Tuesday, February 24, 2009

I *like* this life coach!

Okay. I was skeptical. Not as skeptical as most of my blog readers, but still a little doubtful. But I wanted to try something different, so I made an appointment for a phone session with Chassya, my friend Minka's Lubavitch life coach.

After listening to my Hebrew name, my mother's Hebrew name, and my Hebrew date of birth, she asked, "What are you seeking help with?"

"I want to get married," I said, "and it's not happening. I want to know what I'm doing wrong."

"Hmm...." Chassya said. "Three years ago, you were involved in a very serious relationship, and you've been... blocked ever since."

Three years ago (well, four, technically) I met G.I. Josh, and we dated for six months. Close enough.

"To receive Hashem's blessings, we have to be open, like a dish," she said in her soft Israeli accent. "You were very open to him."

"Yes," I said. "I was in love with him. I wanted to marry him."

"And he was very nice, right?" she queried further.

"Yes, at first," I said. "And then he was very emotionally abusive."

"He had commitment issues," she said.

"I think so," I said. "He was very affectionate at the beginning, and then he got mean. He didn't want to break up with me, but he wanted me to break up with him."

"Are you planning to go to Israel anytime soon?" she asked.

"No," I said. "Did you want me to visit a kever?"

"How did you know?" she exclaimed.

Well, you don't have to be a kabbalistic life coach to know that visiting the grave of a departed kabbalist or Torah scholar is considered a good way to seek intercession with Gd for assistance with your life.

"I can't go anytime soon, but I have friends living there who could go for me," I said, thinking of Dov and Tovah.

"They need to be people who will be davening only for you, and not asking anything for themselves," she said.

"They're happily married, with five kids, successful careers, and just bought a new house," I said. "Anyone can always want more, of course, but they're always asking what they can do to help me. This is something they could do."

"My husband will call you with directions to the kever, what days your friends should go and what they need to do and say," she said. "I usually don't see an immediate way to help a person, but I think in this case we need to do something right away.

"How do you usually meet the men you date?" she asked, changing the subject.

"Either on Frumster or through friends," I said.

"Have you been introduced to a doctor or a dentist lately?" she asked.

"Well, a dentist gave me a toothbrush at a party yesterday," I said, and told her the story.

"Same first name as (G.I. Josh)," she noted.

"Yes, but he didn't seem that into me," I said ruefully.

"I know a chiropractor," she said. "He lives in Washington, D.C. But he's very short."

"I like short," I said. "I am short. Tall men are wasted on me."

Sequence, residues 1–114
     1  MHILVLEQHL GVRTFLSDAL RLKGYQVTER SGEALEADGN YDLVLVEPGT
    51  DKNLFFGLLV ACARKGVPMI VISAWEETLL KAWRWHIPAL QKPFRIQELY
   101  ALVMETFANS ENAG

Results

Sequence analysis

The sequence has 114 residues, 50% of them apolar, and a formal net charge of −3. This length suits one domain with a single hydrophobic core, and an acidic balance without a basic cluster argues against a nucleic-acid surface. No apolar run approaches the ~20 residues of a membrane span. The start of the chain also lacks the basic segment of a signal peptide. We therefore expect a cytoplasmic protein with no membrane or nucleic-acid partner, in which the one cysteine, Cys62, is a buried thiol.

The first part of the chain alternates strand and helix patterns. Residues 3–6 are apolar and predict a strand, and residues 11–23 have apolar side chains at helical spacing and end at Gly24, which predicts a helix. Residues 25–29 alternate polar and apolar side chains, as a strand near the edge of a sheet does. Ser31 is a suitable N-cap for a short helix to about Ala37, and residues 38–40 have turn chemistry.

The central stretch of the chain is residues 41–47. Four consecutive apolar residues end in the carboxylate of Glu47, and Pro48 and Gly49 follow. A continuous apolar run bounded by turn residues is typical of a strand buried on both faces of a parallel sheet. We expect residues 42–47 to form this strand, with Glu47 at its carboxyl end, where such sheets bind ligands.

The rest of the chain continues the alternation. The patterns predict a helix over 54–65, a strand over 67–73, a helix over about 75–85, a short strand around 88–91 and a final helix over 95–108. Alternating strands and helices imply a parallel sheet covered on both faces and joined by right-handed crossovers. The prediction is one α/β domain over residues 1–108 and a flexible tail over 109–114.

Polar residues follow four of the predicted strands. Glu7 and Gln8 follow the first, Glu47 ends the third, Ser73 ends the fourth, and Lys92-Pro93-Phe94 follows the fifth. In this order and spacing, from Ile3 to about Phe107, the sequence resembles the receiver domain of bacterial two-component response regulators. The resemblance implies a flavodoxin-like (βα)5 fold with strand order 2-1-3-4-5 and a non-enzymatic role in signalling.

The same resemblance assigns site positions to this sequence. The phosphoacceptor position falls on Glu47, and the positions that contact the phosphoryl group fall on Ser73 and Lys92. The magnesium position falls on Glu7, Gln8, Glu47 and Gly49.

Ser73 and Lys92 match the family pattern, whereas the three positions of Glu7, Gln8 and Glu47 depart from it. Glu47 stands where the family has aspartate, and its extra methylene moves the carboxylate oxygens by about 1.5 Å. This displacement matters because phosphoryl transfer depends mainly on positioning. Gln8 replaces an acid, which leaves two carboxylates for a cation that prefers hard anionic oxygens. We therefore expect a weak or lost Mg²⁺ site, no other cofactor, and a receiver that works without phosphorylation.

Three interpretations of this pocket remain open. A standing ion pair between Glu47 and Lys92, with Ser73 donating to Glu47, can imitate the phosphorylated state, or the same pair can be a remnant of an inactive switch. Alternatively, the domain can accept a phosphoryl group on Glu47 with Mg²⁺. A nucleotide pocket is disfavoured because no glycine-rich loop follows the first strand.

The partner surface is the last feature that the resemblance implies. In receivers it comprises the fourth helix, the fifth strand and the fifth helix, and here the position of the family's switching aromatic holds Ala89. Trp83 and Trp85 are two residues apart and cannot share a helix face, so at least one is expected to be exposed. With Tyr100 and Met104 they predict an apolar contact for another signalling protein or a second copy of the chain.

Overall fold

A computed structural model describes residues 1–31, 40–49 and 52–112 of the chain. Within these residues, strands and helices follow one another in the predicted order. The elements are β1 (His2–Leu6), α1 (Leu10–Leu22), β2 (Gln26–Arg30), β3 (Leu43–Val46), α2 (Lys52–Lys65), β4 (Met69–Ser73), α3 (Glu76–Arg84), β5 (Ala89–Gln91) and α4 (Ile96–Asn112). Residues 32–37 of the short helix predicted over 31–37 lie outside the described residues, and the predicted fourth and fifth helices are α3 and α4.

"Can I ask your age?" she said. I told her. "He's a year younger than you. I don't think that's a problem."

"I've been wondering if that's the block you've been referring to," I said hesitantly, not wanting it to be true. "I am not comfortable dating men who are a lot older than I am, and I'm wondering if I need to get over that, be more open-minded."

"I don't see that as your problem," she said immediately. "Don't focus on older men. Focus on your age -- or younger. That's who I see you with."

I like this life coach! She obviously doesn't give one-size-fits-all advice: Chassya is trying to set Minka up with a man who is 15 years her senior, which Minka is considering. I was sure she'd push me to go out with older men. I wasn't expecting the opposite!

I have to say, though, that I wasn't 100% honest. Chassya asked me if I'd had problems at various ages. I told her about my back back, my bad knees, my sinus surgery, my bouts with debilitating gastritis, my gingivitis and gum surgery. But I didn't mention the bipolar disorder. I don't know if that would have made a difference.

But I'm definitely going to give Dov and Tovah the instructions for how to daven for me at this rabbi's kever. And we'll see what happens. I might consult Chassya again. And tell her the realll root of my many health problems. We'll see.
Copyright (c) "Ayelet Survivor"


  1. Funny. My niece is named Chasya Minka (aka Allison)
    I'm now even more skeptical about this coach--first thing she mentions is visiting a grave???
    Guess it can't hurt.

  2. I'm starting to run out of pseudonyms. I think I need to make a master list of the ones I've already used. I knew I'd heard the name Chasya Minka somewhere before.

  3. You must be kidding. This woman is scamming you. I'll give her the benefit of the doubt and presume she believes her own nonsense. Anyone can ask vague or leading questions and make it seem like he or she knows you or knows something about your life.

  4. Anonymous, there's a lot I left out that convinced me she's much more than a scam artist. But thanks for reading :)

  5. Hm...

    I'm glad you're happy, and happy with this coach; I will agree that some of what she says does make sense, in a conventional-wisdom sort of way. But I don't think she has exhibited any supernatural gifts; go Google "cold reading"- it's a technique that people like John Edwards and his ilk use to make people believe that they have some sort of special insight into them. They simply are good at reading people-- their tones of voice, hesitations, they ask broad questions and then narrow down in such a way that it sounds like they have known you better than you know yourself. Doesn't mean she's a bad or ineffective coach, just that she's not any kind of prophetess.

  6. I know what cold reading is, NJG. This ain't it.